Eight Million Offensive Spam Emails Sent to Middle School, High School Students in Florida

A school district in Florida is investigating after millions of spam emails containing offensive and inappropriate content were sent to middle and high school students.

Seminole County Public Schools has warned students and parents not to open the suspicious emails—which could contain malware—and to delete them immediately.

Officials said all students at every high school, as well as some middle schools, received the emails. In total, more than eight million emails were sent.

"The emails are coming from both Gmail and Protonmail email accounts," the school district said in a message to parents.

"Our information services department and local law enforcement have been alerted and are working diligently to remedy the situation. In the meantime, please let your students know if they've received any of these emails to delete them immediately."

Among some of the offensive messages in the mails include mentioning one containing a racist slur and mentioning a school employee in a sexually explicit way and one with a photo of George Floyd and a caption that read "Black Lives Don't Matter."

The district said it has blocked external email traffic to the student accounts and is working towards disabling the reply all feature so they are not accidentally forwarded. Officials said it could take around two days to delete all the emails from the systems.

"It's very concerning as a parent and I don't appreciate it," Betty Jackson, whose daughter Riley Jackson goes to Hagerty High School, told Click Orlando.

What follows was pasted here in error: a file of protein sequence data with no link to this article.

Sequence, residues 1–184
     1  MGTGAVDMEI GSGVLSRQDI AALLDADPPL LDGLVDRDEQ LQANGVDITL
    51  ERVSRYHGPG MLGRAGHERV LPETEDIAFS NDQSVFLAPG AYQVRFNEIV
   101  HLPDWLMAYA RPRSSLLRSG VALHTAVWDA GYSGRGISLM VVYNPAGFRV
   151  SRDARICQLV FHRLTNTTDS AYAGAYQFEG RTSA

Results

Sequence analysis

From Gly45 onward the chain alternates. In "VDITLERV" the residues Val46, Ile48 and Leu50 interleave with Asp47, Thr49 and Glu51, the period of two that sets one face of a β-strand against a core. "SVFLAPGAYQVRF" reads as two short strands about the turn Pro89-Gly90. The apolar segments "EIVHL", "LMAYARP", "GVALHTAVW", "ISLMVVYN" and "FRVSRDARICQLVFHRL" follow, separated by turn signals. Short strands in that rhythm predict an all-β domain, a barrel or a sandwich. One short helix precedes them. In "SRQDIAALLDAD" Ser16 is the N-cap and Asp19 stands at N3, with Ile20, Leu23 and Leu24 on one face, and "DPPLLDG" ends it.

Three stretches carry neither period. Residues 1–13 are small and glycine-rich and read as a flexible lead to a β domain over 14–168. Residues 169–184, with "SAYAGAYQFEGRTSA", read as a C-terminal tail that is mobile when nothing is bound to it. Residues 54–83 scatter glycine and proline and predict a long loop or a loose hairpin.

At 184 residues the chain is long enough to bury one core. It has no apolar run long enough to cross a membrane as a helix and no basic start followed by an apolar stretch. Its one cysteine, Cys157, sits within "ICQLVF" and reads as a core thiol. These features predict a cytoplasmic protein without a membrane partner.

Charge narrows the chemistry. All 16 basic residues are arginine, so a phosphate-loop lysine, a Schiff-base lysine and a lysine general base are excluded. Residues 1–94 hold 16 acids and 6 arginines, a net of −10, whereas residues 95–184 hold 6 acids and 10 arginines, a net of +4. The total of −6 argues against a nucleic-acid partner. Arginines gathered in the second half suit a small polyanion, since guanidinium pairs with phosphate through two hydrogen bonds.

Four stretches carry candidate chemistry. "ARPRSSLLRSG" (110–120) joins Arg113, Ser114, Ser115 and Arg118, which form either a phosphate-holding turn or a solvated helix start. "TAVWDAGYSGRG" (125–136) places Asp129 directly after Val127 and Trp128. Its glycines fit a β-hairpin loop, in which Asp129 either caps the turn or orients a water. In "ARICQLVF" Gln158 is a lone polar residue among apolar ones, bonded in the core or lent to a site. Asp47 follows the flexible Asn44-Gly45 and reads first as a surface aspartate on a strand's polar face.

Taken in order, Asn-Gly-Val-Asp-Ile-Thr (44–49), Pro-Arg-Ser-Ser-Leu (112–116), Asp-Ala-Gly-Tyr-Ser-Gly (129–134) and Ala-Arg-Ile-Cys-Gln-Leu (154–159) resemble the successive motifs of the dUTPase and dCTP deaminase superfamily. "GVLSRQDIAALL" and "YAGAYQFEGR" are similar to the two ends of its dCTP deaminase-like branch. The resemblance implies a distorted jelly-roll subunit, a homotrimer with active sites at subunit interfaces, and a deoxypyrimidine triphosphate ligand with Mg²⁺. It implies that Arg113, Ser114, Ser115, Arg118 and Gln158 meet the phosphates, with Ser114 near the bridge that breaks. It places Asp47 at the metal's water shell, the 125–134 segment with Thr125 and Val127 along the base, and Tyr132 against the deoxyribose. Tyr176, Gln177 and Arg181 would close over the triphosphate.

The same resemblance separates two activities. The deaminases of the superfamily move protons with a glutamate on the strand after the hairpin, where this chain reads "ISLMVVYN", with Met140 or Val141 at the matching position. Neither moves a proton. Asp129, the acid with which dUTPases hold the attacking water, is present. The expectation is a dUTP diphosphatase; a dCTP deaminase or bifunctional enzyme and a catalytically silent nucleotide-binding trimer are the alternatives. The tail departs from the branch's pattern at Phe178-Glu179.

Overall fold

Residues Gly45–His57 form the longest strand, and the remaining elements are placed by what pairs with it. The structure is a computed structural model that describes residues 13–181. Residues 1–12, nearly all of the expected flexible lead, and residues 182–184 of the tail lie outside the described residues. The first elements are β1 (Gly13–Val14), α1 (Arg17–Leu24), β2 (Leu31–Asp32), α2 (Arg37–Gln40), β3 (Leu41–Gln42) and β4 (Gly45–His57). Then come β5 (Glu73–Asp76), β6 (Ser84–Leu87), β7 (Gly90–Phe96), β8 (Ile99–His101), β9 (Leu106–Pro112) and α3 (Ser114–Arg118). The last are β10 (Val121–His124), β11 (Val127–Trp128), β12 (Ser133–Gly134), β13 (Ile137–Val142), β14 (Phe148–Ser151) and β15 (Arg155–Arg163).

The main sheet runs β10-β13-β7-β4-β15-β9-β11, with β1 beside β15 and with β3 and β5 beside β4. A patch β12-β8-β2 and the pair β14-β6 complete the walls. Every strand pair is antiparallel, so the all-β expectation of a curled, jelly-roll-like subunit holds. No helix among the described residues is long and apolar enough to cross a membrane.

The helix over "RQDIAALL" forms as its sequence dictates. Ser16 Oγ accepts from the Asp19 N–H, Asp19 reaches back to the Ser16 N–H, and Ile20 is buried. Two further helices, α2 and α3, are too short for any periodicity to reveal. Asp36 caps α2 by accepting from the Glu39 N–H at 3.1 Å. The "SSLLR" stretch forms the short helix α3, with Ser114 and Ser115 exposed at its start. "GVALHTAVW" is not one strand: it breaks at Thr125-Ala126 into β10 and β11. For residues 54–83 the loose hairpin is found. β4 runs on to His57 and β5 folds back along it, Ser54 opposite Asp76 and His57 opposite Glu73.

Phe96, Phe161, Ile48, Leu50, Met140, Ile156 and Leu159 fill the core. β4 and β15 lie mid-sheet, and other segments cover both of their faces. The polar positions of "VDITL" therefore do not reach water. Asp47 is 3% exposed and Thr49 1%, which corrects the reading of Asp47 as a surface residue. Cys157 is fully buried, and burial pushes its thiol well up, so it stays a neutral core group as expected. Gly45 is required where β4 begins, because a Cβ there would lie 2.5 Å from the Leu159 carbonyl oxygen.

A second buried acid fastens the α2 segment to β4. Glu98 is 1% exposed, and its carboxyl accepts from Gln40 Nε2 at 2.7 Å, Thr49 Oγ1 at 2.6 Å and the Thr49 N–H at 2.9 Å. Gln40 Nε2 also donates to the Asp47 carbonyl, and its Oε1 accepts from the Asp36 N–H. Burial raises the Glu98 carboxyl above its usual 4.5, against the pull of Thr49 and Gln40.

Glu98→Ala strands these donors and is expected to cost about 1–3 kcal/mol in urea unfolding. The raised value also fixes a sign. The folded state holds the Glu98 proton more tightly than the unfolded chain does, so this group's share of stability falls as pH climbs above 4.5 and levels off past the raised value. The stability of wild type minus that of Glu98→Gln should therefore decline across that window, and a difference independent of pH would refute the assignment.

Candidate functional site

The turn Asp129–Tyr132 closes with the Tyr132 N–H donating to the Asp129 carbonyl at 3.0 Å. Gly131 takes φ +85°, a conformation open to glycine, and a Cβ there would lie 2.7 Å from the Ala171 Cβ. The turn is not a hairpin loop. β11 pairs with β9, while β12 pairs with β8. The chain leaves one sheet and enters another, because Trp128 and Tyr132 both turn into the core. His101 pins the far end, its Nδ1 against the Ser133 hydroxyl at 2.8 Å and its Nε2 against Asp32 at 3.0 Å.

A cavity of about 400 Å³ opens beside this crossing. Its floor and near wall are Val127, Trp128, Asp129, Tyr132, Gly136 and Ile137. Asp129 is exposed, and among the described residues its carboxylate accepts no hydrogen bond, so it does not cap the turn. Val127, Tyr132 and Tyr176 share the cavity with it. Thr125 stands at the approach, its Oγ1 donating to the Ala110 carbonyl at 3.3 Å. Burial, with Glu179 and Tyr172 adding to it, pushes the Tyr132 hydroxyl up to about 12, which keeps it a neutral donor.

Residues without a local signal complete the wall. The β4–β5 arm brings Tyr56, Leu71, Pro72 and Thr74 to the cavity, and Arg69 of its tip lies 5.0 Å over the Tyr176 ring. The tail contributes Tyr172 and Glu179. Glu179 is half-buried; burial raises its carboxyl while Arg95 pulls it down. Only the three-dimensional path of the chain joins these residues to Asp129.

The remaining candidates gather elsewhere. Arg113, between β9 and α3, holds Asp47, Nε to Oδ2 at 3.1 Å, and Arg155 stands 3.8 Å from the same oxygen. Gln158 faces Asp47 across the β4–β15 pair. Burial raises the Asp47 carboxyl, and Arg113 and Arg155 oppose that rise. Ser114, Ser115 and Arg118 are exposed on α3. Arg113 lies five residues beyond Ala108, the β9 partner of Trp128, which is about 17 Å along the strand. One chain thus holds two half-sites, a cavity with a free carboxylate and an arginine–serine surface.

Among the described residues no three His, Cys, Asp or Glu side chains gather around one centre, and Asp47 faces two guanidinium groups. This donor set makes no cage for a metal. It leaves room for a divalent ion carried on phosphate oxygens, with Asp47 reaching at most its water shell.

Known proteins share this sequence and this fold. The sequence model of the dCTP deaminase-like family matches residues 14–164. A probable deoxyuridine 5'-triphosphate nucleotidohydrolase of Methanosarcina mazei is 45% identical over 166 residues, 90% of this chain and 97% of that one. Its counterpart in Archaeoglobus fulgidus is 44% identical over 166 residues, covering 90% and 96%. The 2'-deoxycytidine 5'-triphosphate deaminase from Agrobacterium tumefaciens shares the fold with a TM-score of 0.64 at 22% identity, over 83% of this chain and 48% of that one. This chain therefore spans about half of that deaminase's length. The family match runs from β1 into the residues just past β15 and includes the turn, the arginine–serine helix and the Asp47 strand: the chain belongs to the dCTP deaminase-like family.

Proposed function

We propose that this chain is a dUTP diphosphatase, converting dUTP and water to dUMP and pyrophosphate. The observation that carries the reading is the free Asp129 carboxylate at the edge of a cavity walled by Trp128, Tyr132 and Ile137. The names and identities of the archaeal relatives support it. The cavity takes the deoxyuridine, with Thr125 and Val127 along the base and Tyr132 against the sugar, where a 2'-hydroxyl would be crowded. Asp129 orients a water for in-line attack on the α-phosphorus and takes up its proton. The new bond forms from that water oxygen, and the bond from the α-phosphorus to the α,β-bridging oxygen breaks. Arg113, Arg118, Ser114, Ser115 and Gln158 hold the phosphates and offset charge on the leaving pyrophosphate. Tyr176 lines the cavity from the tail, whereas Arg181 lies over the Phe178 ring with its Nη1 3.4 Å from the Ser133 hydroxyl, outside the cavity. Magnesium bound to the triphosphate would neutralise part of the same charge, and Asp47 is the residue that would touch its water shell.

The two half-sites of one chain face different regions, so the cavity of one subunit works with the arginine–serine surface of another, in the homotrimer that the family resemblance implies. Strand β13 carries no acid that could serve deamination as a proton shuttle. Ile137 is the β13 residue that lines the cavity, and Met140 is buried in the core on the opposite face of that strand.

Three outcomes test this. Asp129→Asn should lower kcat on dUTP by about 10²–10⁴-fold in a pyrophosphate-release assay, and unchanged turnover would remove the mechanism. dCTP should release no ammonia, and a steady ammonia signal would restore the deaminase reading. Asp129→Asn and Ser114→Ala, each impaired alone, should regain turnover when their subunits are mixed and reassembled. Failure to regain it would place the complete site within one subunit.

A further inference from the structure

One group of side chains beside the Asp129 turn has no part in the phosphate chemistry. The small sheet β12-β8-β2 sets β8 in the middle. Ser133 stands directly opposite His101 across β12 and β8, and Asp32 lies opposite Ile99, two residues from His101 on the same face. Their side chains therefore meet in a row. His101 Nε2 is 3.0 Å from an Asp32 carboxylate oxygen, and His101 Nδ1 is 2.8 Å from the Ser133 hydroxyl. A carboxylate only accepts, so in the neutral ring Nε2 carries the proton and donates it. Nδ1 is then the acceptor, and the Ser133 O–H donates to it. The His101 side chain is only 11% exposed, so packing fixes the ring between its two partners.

The student said she received around 986 emails as a result of the spamming.

"People are getting emails from people they don't know and it's kind of scary in a weird kind of way," Riley Jackson said.

"You need to find out what's going on and you need to stop it," Betty Jackson added.

Seminole County Public Schools has been contacted for further comment.

Elsewhere, the district recently reminded parents not to send their children back to school after the holiday period if they are displaying symptoms of COVID-19, as the state struggles to cope with the rising number of confirmed cases.

"As classes resume tomorrow, we ask that if you or your child isn't feeling well or if you were exposed to anyone that has tested positive for the COVID-19 virus, please do not report to school or work and self-quarantine out of an abundance of caution," the district wrote on Facebook.

"The same must be practiced if someone in your household has tested positive for COVID-19, OR has symptoms and are awaiting the results of a test. We appreciate your adhering to these guidelines to help keep our schools and community safe."

(File photo) A mask sits on a notebook in a dorm room belonging to Kyalynn Moore-Wilson as students begin classes amid the coronavirus pandemic on the first day of the fall 2020 semester at the University of New Mexico on August 17, 2020 in Albuquerque, New Mexico. Seminole County Public Schools officials said they investigating millions of inappropriate emails were sent to students in Florida. Sam Wasson/Getty